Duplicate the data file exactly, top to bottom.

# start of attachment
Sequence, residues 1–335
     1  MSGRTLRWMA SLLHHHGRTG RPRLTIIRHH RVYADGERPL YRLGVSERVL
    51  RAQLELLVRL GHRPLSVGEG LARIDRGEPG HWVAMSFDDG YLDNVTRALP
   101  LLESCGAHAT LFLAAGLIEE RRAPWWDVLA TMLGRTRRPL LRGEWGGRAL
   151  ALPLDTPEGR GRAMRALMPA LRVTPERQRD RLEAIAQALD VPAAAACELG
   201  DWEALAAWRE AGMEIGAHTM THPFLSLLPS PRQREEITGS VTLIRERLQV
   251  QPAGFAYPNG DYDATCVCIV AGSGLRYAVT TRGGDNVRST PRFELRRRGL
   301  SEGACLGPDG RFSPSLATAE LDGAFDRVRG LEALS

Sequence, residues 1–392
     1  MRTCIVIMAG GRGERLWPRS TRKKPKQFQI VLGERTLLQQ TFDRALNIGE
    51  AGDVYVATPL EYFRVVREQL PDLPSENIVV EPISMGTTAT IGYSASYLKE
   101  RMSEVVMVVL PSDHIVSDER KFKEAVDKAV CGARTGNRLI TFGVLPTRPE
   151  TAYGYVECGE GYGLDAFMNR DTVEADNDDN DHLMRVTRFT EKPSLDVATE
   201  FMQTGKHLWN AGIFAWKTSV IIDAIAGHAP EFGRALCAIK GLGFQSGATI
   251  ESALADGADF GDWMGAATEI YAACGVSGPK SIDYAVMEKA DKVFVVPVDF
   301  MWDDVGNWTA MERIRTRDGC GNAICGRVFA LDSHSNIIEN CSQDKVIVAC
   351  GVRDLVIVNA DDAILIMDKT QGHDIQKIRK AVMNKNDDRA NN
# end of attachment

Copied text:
Sequence, residues 1–335
     1  MSGRTLRWMA SLLHHHGRTG RPRLTIIRHH RVYADGERPL YRLGVSERVL
    51  RAQLELLVRL GHRPLSVGEG LARIDRGEPG HWVAMSFDDG YLDNVTRALP
   101  LLESCGAHAT LFLAAGLIEE RRAPWWDVLA TMLGRTRRPL LRGEWGGRAL
   151  ALPLDTPEGR GRAMRALMPA LRVTPERQRD RLEAIAQALD VPAAAACELG
   201  DWEALAAWRE AGMEIGAHTM THPFLSLLPS PRQREEITGS VTLIRERLQV
   251  QPAGFAYPNG DYDATCVCIV AGSGLRYAVT TRGGDNVRST PRFELRRRGL
   301  SEGACLGPDG RFSPSLATAE LDGAFDRVRG LEALS

Sequence, residues 1–392
     1  MRTCIVIMAG GRGERLWPRS TRKKPKQFQI VLGERTLLQQ TFDRALNIGE
    51  AGDVYVATPL EYFRVVREQL PDLPSENIVV EPISMGTTAT IGYSASYLKE
   101  RMSEVVMVVL PSDHIVSDER KFKEAVDKAV CGARTGNRLI TFGVLPTRPE
   151  TAYGYVECGE GYGLDAFMNR DTVEADNDDN DHLMRVTRFT EKPSLDVATE
   201  FMQTGKHLWN AGIFAWKTSV IIDAIAGHAP EFGRALCAIK GLGFQSGATI
   251  ESALADGADF GDWMGAATEI YAACGVSGPK SIDYAVMEKA DKVFVVPVDF
   301  MWDDVGNWTA MERIRTRDGC GNAICGRVFA LDSHSNIIEN CSQDKVIVAC
   351  GVRDLVIVNA DDAILIMDKT QGHDIQKIRK AVMNKNDDRA NN